Some great news, the Federal Government has ruled out an illegal foreign worker amnesty. Stating that an amnesty would send a dangerous message that it is okay to flout Australian migration laws.[1] Rejecting the McGowan government’s recommendation for an amnesty for over 80,000 illegal workers operating in Australia.[2]

This was a reckless proposal benefiting foreign nationals that overstay their visa, enter the country illegally or fail to depart and no longer have a legal right to be in Australia – all criminal offences according to the Migration Act 1958.[3]

WA labor government amnesty proposal

The proposal by the McGowan government to provide employment for foreign nationals that break migration laws suggest a willingness to circumvent statutory migration laws. This was an extreme and unprecedented move by the McGowan government.

It would not alleviate the difficulties of having to deal with the huge build up of illegal foreign nationals currently in Australia. Australia’s temporary migration program is full with over 2 million entrants currently in Australia.[4] Many of these are obligated to exit the country once their visa runs out. There were valid concerns that an illegal worker amnesty may entice temporary entrants to overstay and violate visa rules.

USA amnesty program

Observing amnesty programs in other countries reveals when migration law is cancelled the migration pull factor escalates and it quickly becomes uncontrollable.

The USA gave amnesty to 2.7 million illegal aliens after the 1986 reform.[5] This decision lead to huge growth in illegal arrivals. The illegal migrant population rocketed from 3.5 million in 1990 to a peak of over 12 million in 2007 (see Table 1 below).[6]

Table 1: Unauthorised immigration (USA 1990-2017)

(Source: Pew Research Centre, 2019.[7])

Politics of illegal immigration

Illegal immigration is highly political. One side of politics (usually the left wing) are supportive of an illegal worker amnesty. Social conservatives on the other hand are more inclined to maintain migration rules and laws. The political bonus (as some put it) is evident in the USA were parties may use their support for amnesty to attract votes from ethnic minorities, particularly Hispanic communities[8]

Illegal arrivals by air to Australia

There is nothing to doubt Australian political parties would seek to chase the political bonus an amnesty program could provide. Similar to what happens in the USA with ethnic minorities  

Australia has undergone huge growth in Asia Pacific migration, especially from China, India, Malaysia and others. Illegal air arrivals from Asia Pacific are now a major concern; it has reached very high numbers (see Table 2 below).

In 2019-20 over 23,000 foreign nationals arrived in Australia by air without a legal visa. They have all applied for protection refugee visas under the Humanitarian program (see Table 2 below). Most of the foreign nationals arrived from countries not experiencing wars or civil turmoil.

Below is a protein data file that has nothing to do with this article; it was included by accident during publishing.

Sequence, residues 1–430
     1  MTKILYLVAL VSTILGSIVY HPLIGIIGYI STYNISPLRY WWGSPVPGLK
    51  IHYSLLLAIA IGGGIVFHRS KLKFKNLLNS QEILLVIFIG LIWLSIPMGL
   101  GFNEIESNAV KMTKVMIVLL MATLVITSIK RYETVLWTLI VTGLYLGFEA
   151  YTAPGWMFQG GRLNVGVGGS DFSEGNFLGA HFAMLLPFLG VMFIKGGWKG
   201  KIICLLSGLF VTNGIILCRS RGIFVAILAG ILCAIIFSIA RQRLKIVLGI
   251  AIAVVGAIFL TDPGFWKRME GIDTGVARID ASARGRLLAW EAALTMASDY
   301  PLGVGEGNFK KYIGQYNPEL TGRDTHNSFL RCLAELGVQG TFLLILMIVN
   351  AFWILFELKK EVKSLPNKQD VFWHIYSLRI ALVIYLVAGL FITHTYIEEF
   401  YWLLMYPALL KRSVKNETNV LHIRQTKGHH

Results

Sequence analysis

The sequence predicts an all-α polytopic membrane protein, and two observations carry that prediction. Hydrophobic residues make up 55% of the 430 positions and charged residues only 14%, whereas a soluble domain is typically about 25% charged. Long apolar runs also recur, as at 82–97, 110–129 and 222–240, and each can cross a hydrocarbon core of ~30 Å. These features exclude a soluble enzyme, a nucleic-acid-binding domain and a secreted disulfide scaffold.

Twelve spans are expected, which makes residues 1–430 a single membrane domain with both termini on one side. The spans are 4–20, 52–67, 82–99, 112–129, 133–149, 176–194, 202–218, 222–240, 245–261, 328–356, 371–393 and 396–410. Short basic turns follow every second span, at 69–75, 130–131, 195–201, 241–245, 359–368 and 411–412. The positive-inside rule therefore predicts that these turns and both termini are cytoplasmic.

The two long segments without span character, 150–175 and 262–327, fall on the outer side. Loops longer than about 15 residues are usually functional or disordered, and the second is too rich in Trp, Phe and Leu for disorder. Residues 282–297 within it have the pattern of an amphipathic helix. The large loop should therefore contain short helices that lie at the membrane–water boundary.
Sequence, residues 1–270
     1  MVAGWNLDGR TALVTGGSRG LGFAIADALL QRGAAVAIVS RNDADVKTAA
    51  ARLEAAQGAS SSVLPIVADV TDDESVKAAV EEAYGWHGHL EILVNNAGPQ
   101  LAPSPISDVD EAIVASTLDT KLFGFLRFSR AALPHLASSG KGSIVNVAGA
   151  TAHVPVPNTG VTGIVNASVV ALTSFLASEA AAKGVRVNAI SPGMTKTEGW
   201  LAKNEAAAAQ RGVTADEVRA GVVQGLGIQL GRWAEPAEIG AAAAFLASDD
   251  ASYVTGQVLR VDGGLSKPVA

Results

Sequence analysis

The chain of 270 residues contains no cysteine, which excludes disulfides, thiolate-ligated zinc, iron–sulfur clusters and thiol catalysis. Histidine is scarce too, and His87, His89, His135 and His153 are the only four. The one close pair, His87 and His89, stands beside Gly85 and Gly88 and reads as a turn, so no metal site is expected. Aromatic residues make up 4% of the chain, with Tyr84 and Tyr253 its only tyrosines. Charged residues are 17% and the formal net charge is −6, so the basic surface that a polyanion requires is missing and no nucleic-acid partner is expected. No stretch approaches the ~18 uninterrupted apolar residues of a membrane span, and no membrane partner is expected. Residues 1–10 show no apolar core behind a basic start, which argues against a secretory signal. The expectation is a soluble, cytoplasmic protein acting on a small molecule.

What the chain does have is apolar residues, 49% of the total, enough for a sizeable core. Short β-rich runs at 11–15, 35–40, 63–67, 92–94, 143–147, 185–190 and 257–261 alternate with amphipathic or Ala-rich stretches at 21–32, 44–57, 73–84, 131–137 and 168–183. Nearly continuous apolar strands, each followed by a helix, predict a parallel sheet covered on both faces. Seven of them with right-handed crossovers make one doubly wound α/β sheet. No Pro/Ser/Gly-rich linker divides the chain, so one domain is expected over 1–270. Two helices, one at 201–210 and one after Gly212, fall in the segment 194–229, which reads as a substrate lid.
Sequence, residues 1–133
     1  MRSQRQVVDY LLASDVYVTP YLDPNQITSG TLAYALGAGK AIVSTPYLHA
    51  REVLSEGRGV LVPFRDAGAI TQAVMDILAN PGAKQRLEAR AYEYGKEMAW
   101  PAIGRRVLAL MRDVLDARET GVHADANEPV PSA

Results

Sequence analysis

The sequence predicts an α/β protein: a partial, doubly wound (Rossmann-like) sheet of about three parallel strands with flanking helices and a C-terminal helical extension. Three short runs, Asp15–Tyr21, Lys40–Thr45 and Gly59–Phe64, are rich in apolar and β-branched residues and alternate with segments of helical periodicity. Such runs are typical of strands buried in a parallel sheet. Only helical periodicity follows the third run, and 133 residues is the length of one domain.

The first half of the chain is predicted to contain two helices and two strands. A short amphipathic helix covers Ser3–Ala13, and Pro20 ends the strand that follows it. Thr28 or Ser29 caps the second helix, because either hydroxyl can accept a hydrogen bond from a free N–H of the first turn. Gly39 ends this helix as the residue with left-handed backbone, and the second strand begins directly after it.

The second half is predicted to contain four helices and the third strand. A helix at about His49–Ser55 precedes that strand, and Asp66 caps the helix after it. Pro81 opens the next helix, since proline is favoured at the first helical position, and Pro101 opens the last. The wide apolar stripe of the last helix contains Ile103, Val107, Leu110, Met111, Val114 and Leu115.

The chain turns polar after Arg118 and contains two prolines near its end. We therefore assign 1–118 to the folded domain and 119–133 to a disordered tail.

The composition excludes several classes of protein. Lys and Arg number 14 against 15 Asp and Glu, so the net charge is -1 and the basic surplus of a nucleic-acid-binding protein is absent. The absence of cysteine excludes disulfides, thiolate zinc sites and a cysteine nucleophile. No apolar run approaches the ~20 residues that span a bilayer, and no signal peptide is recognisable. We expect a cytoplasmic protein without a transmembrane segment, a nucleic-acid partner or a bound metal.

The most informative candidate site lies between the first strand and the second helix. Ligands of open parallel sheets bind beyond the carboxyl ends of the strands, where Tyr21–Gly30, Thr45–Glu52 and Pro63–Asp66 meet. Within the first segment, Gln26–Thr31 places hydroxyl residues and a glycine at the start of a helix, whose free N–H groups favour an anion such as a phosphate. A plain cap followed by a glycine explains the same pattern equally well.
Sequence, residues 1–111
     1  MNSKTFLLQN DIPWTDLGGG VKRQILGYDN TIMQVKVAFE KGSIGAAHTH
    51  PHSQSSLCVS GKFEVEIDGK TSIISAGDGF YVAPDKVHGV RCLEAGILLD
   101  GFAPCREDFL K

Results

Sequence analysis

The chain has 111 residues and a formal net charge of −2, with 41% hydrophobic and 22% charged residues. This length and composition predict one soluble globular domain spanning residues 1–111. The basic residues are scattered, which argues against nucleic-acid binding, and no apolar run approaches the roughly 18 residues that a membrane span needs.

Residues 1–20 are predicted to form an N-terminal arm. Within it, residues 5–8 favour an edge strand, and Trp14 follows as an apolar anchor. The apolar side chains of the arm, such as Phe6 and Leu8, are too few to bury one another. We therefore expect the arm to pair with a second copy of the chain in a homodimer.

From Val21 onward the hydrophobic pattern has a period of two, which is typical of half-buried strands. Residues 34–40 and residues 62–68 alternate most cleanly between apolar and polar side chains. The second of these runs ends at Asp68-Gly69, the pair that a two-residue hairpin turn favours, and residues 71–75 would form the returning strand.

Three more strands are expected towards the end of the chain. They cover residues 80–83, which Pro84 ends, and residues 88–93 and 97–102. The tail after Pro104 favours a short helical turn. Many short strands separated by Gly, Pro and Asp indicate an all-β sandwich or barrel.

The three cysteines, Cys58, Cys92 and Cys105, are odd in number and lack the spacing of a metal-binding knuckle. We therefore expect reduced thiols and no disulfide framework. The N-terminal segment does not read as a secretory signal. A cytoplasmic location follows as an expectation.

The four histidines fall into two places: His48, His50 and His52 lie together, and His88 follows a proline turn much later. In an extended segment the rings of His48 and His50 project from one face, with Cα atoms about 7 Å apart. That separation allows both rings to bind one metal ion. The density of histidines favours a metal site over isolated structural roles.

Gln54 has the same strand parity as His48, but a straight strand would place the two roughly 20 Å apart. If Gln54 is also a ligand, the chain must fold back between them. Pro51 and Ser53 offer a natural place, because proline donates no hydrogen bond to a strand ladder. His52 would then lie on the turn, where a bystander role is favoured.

With the exception of China, most of the citizens are not from countries experiencing controls on personal and religious freedom or political persecution. This is borne out by the fact the Government granted only 1,650 protection visas, yet there were 23,226 visa applications (Table 1 below).[9]

In addition, many of these illegal air arrivals are able to appeal their visa refusal and can obtain a bridging visa in the interim. This has caused a huge backlog in of bridging visa applicants, which the Australian Government are struggling to cope with. A massive 333,000 bridging visa holders in Australia by June 30, 2020.[10]

Table 2: Protection visa lodgements by citizenship (Top 10)

Country of citizenship2019-20
Malaysia 6,046
China 3,321
India 2,866
Vietnam 1,069
Fiji 1,024
Thailand 808
Indonesia 775
Philippines 659
Pakistan 609
Taiwan 423
Other 5,626
Total 23,226

Source: Department of Home Affairs, 2020.[11]


[1] Kath Sullivan, ‘Farmers Fear Worker Shortage Due to COVID-19 Restrictions despite Rising Unemployment’, 2020 <> [accessed 31 July 2020].

[2] Jessica Hayes, Belinda Varischetti and Zoe Keenan, ‘Calls for National Illegal Worker Amnesty as Labour Shortage Crisis Hits Boiling Point’, 2020 <> [accessed 2 October 2020].

[3] Australian Government, ‘Migration Act 1958’ (Attorney-General’s Department, 2020), au <,> [accessed 2 October 2020].

[4] Australian Government, ‘BP0019 Number of Temporary Visa Holders in Australia Pivot Table | Resources | Data.Gov.Au – Beta’, 2020 <> [accessed 1 July 2020].

[5] Peter Nunez, ‘Immigration: Amnesty Plan a Bad Idea’, CIS.Org, 2013 <> [accessed 2 October 2020].

[6] Jens Manuel Krogstad, Jeffrey S. Passel and D’Vera Cohn, ‘5 Facts about Illegal Immigration in the U.S.’, Pew Research Center, 2019 <> [accessed 21 October 2020].

[7] Jens Manuel Krogstad, Jeffrey S. Passel and D’Vera Cohn.

[8] Christina Boswell and others, ‘The Illegal Employment of Foreigners in Europe’, Intereconomics, 2004.1 (2004), 4–20.

[9] Australian Government Department of Home Affairs, ‘Visa Statistics’, 2020 <; [accessed 20 October 2020].

[10] Australian Government, ‘BP0019 Number of Temporary Visa Holders in Australia Pivot Table | Resources | Data.Gov.Au – Beta’, 2020 <> [accessed 1 July 2020].

[11] Australian Government Department of Home Affairs.

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